A history of blogging

This video from Scott Rosenberg, author of ‘Say Everything‘, is a great crash course on where blogging came from; how open source and WordPress in particular has provided a powerful platform for citizen journalists; and why blogging matters more than ever, despite several announcements of its demise.

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Everyone is worried about Facebook

Suddenly, Facebook has become Big Brother.  Almost at par with Google.  Or perhaps even bigger, since most people still cannot quite understand how Google monetises our content.  While Facebook appears to have finally changed its rules of engagement one time too many, and everyone is currently taking a potshot, from the BBC to the Economist.  Mark Zuckerberg has just issued a statement saying Facebook moved too quickly and made a bunch of mistakes.

In my country, concerns about Facebook privacy have been exacerbated by a court ruling.   Last week, a 24 year-old got a fine and a suspended jail sentence for saying nasty things about the Pope on a Facebook page.  Inevitably, there are many in this wired micro-state who feel we are gently moving from the open Internet to a brave new world where the disruptive nature of web 2.0 technologies is about to be tamed by over-zealous magistrates clinging to antiquated Press Laws.  Others see this as the first important step in bringing online unpleasantness under control.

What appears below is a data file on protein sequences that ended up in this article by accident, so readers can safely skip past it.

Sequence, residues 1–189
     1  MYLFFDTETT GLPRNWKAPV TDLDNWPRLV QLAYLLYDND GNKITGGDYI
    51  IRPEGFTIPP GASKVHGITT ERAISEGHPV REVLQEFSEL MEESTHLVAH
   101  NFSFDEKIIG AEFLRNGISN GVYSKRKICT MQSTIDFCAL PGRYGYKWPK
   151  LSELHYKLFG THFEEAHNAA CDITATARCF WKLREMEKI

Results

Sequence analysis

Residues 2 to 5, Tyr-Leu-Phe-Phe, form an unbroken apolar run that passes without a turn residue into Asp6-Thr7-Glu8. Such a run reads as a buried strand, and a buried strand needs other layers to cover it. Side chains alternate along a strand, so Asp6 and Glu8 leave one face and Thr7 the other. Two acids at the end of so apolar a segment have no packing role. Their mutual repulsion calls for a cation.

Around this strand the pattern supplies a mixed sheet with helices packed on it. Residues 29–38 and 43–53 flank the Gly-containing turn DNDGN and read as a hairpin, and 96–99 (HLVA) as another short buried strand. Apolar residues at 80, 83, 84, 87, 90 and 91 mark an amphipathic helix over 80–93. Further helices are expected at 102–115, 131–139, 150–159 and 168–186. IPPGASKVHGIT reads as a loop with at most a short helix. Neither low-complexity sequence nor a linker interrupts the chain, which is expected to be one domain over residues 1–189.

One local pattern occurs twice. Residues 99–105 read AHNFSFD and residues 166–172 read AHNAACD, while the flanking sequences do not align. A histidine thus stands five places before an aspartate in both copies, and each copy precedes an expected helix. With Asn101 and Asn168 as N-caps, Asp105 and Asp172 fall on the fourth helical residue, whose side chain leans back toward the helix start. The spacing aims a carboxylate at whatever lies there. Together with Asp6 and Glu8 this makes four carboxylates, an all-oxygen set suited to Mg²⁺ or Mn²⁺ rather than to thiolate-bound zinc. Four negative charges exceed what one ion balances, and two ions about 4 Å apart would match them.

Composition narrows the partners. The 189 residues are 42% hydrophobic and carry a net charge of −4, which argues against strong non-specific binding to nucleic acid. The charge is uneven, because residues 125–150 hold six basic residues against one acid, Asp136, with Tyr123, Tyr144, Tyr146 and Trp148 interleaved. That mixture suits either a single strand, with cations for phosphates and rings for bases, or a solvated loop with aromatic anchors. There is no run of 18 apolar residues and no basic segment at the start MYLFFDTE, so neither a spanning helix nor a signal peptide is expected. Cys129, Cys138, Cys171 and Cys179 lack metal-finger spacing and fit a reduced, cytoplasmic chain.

The privacy situation is still evolving, but the camps seem to be congregating as follows:

1. Facebook is like a utility, and should be regulated as such.  In this post and this post, Danah Boyd, an academic working for Microsoft Research, makes a compelling argument.

2. The issue is not privacy, but the fact that Facebook is trying to make a buck from something that is social.  Help will soon be at hand.  This post, by Venessa Miermis, rattles the cage.